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It was just a normal day in the lab... until E. coli made the biggest evolutionary leap observed to date.  (Source: Michigan State)
E. Coli bacteria shows signs of evolution in lab testing

Despite an overwhelming body of scientific evidence, evolution is still a fiercely debate topic in some circles.  Many people take evolution for granted, simply understanding that it is the theory accepted by the scientific community based on the strong supporting evidence, and remain relatively oblivious to the controversy. 

However, the fact remains that yearly there are many protests and court cases in the U.S. and abroad where people try to block educational attempts to teach the theory of evolution and replace them with religious-based theories.

Fortunately for evolutionary scientists they now have perhaps the greatest piece of evidence of all -- the largest evolutionary leap observed to date.  The experiment started inconspicuously, with researchers at Michigan State University in East Lansing by using a single Escherichia coli bacterium and its descendants to found 12 populations.

Over 44,000 generations were observed and only minor mutations were observed, as is typical in these kinds of studies.  Typical beneficial mutations -- larger cell size, faster growth rates, and lower peak population densities -- were observed.

Then at generation 31,500 something shocking happened.  The bacteria evolved, gaining an entirely new gene that could process citrate, a nutrient that the bacteria could not previously use.  To put this in context, lack of citrate metabolism is one of E. coli's identifying traits.  And the newly evolved bacteria proceeded to dominate over their citrate-intolerant kin.

Says researcher Richard Lenski, "It's the most profound change we have seen during the experiment. This was clearly something quite different for them, and it's outside what was normally considered the bounds of E. coli as a species, which makes it especially interesting."

Lenski says the only two explanations are either an extremely improbable mutation such as a rare chromosomal inversion, or a series of small mutation adding up to a useful new gene.  Was the trait inevitable, guided by some all powerful hand?  Lenski turned to his freezer for the answer.  Unthawing the bacteria, from early generations, he found that pure chance had guided the evolutionary leap and that the bacteria did not evolve the trait.  He did find that the later generations after 20,000 did evolve the trait eventually, indicating something happened around this time that laid the groundwork for the evolution.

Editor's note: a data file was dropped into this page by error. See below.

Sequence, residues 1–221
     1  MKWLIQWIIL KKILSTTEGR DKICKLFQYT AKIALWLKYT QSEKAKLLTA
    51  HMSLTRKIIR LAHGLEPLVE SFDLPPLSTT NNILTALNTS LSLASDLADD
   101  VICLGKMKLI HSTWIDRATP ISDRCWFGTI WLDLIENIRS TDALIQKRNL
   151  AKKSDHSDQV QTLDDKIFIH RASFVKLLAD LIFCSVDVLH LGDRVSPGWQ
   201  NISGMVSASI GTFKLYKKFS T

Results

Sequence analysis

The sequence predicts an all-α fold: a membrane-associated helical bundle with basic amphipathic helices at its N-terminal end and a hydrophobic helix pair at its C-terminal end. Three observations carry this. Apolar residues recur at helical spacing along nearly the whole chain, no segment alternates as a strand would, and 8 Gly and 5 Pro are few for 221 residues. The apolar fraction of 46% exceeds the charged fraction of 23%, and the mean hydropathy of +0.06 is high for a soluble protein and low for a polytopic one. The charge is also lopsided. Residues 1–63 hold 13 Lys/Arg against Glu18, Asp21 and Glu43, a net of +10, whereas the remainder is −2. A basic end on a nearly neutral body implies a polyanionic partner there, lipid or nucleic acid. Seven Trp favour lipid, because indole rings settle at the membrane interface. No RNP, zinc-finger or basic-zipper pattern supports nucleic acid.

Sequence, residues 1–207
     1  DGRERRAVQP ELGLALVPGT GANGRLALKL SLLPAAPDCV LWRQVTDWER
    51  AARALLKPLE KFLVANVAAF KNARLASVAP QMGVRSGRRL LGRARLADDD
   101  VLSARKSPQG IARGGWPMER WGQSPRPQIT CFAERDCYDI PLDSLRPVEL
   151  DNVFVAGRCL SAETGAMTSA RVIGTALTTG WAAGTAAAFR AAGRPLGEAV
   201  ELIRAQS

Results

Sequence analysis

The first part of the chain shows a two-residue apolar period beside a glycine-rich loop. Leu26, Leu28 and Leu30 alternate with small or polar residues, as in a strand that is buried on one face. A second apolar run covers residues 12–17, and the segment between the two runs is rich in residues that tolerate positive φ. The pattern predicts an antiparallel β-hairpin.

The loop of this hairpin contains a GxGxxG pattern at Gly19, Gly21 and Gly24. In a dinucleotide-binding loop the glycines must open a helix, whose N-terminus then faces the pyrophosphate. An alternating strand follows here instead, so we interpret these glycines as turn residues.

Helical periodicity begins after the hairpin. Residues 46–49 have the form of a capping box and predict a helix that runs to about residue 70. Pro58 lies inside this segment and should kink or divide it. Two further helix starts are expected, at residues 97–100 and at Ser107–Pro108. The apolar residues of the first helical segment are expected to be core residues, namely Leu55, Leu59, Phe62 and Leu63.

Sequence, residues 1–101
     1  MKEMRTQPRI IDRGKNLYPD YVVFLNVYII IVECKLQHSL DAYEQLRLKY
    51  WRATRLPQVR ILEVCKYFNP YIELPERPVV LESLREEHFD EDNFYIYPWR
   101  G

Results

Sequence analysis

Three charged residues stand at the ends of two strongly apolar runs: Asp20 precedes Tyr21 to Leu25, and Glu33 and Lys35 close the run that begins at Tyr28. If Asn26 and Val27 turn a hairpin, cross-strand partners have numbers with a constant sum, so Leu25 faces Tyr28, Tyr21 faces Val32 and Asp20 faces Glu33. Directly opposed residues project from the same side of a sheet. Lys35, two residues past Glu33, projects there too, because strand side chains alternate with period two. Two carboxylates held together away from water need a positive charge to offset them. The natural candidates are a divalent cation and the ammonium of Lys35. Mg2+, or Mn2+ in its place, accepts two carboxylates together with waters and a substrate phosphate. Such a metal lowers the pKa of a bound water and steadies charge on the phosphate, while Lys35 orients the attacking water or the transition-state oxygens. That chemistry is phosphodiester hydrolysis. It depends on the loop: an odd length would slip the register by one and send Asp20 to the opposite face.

He and his fellow researchers are currently studying exactly what change allowed for the eventual evolution.  This experiment, however, proves that evolution does not always lead to best possible outcome (in that other lines did not achieve the same optimal trait).  This has been a major point of contention raised by creationists who point to structures in nature that serve ornamental or little purpose as proof of creationism.

Further, it goes to show that profound changes can happen, including the introduction of entirely new genes.  A particularly harsh criticism leveled in the past by was that profound genetic changes, including the creation of new genes, were never observed.  Considering a few genes can account for profound morphological differences in larger organism, this is a very salient piece of evidence for evolution's supporters.

Jerry Coyne, an evolutionary biologist at the University of Chicago lauded the research and took a bit of an opportunity to poke fun at creationists saying, "The thing I like most is it says you can get these complex traits evolving by a combination of unlikely events.  That's just what creationists say can't happen."

The findings are reported in the journal PNAS.





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